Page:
How do WE recognize the risen Christ? It isn’t easy, is it?  We are never sure, are we?
But this story gives us some hints. Any time and any where we feel God’s closeness, any time something happens to us where God tries to get our attention, that it evidence of the presence of the Risen Christ.   Jesus comes to us in numerous guises and  numerous circumstances — Emmaus invites us to expect that intervention, to expect that God will indeed seek us and find us. Emmaus challenges us to see that it isn’t our unshakable faith or evidences of deep spirituality that connect us with the risen Christ, but our openness to his presence.
There was a young boy who decided to go and look for God.   He packed a lunch and got as far as the park before he got hungry.. He sat on a bench next to an old woman. They sat together for an hour. He offered her a Twinkie. She offered him a huge smile. When the boy got home he announced to his mother, I met God today, and she has the most wonderful smile! When the elderly lady got home, she said to her son, I met God today, and he is much younger than I’d imagine!
Maybe the reason Emmaus is such an elusive place to locate historically is because it can be almost anywhere, anytime, even here, where the Stranger joins us who is no stranger at all, the one whom we know but do not know. Emmaus is, at the least, that place wherever the scriptures are explained and the bread is broken and Christ is made real in the midst of life.
In the South Bronx of New York City there is a Lutheran Pastor by the name of Hedi Neumark, who has served for twenty years as  pastor of Transfiguration Lutheran Church.  The South Bronx is a bad section of New York City, and Transfiguration Lutheran Church is a church where the rat poison is stored next to the communion wafers under the altar.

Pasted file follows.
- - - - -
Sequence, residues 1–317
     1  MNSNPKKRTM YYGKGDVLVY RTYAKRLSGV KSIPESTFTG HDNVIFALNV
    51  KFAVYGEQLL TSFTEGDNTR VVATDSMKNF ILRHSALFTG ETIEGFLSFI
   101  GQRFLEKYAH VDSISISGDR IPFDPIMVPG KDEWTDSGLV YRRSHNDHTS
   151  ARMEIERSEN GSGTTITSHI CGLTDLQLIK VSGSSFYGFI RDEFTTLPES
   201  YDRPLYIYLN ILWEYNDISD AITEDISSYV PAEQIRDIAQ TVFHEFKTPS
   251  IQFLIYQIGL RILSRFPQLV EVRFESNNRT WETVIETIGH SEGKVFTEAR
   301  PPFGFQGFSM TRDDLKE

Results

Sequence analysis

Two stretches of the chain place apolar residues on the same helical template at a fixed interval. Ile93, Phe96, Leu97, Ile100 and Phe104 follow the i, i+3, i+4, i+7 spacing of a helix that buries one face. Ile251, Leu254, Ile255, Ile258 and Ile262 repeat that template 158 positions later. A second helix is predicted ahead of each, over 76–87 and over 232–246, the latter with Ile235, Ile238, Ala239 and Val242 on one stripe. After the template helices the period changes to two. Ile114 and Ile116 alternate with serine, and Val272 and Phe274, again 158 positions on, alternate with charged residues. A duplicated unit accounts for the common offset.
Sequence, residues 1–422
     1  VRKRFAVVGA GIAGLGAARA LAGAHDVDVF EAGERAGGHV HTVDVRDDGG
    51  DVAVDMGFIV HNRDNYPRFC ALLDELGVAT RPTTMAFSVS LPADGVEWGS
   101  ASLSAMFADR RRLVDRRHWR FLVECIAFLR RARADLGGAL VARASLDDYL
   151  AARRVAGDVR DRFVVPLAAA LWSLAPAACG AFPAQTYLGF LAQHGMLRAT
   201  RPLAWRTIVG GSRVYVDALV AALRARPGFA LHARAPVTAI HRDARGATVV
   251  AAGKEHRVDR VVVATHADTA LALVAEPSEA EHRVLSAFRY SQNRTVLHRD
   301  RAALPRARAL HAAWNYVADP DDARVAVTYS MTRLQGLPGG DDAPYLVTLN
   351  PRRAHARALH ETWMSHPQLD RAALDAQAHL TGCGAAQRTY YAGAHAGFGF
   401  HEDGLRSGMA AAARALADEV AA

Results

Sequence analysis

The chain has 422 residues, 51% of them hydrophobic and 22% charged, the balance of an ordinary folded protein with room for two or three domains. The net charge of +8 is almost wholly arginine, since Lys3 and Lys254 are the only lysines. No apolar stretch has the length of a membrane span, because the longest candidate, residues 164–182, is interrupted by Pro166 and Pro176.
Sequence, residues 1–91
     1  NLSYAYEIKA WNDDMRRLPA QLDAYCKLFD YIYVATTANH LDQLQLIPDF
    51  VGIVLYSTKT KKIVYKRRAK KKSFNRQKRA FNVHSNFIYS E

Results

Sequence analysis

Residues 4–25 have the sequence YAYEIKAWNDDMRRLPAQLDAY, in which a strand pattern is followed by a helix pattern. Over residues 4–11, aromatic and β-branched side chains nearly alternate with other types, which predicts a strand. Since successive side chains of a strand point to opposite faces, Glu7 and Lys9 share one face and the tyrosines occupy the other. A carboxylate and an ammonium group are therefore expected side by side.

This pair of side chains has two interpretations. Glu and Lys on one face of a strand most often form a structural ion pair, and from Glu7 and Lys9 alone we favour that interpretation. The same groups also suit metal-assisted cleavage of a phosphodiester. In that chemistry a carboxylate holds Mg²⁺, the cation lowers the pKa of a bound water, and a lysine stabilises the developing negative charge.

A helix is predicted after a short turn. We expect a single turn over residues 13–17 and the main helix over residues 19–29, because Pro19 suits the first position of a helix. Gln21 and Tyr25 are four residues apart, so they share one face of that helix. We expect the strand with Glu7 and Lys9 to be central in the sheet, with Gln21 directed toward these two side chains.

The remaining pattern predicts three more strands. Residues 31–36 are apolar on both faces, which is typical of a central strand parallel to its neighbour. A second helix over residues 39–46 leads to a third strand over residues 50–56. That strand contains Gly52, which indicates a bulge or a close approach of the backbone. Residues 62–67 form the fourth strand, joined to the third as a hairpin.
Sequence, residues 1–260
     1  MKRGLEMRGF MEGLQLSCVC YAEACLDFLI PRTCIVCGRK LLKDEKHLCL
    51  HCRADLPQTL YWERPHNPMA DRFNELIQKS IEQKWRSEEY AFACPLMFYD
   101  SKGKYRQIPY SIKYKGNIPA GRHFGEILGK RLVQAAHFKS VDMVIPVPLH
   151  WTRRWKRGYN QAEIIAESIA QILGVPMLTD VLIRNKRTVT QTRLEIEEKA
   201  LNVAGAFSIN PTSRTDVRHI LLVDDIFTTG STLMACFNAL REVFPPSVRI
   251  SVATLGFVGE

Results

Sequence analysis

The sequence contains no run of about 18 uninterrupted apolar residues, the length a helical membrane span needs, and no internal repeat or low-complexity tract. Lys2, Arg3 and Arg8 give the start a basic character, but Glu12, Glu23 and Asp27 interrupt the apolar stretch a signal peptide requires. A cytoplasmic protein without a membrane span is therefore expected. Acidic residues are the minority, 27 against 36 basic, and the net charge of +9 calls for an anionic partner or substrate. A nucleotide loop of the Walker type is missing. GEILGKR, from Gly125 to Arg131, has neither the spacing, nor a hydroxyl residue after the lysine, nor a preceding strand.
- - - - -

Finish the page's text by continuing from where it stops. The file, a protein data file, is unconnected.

In her book, Breathing Space,  Heidi Newmark tells the story of one of her parishioners Angie, whom she first met on a home visit as Angie lay on the sofa in her bathrobe. Angie had sent her son, Tiriq to the summer program at Transfiguration to get him out of the house and to give her some quiet time. She had indicated that she wanted Tiriq baptized, so Pastor Neumark went to visit.
Angie was depressed over her childhood when her father would come into her room at night and violate her. She was depressed over the wasted years getting high to numb her emotional pain. And she was depressed about her HIV status.
Heidi read to her the words of the letter to the Ephesians used in the Baptismal service. “God out of the great love with which he loved us even when we were dead… made us alive together with Christ and raised us up with him.
Little by little over the following months Angie began to rise up from her sofa and her depression and come to worship and Bible study. She even volunteered at the homeless shelter at the church and enrolled in a Lutheran adult study and leadership program known as Diakonia.
Everybody in the program had to give a presentation on Lutheran theology at some point during the study and give an explanation of why you were a Lutheran. One night, the students assigned to make their presentation did not come. And the teacher asked if anyone else would like to give his or her paper instead. Angie didn’t have a paper written, but she offered nonetheless to give her presentation on Lutheran theology and why she was a Lutheran.
Neumark writes: “Angie got a glass of water and set it in front of her. Then she slowly opened a Mary Kay jewelry case and took out a pink pouch which was filled with multicolored pills. She took out about ten pills and swallowed them, one by one, in silence. The class was riveted by this unusual theological presentation. When the last pill was swallowed, Angie stood up. ‘That’s my HIV medication,” she said. “I’m Lutheran because the church welcomed me as I am, an HIV positive, recovering addict, and a child of God filled with grace. Taking care of my health is part of my stewardship. Now by the grace of God I want to live. I want to live for my son. I want to live for the people still out there on the streets as I was. I want to live because Jesus Christ lives in me and through me. It’s not just my body anymore. I’m part of his body, a temple of the Holy Spirit’.”
Anyone here today able to identify the risen Lord as present and accounted for better than that?
Long ago, there was an appearance on Old Emmaus Road. And there are appearances still when the doors are opened and the scriptures are explained, the wine is poured and the bread is broken, and people love one another in his name.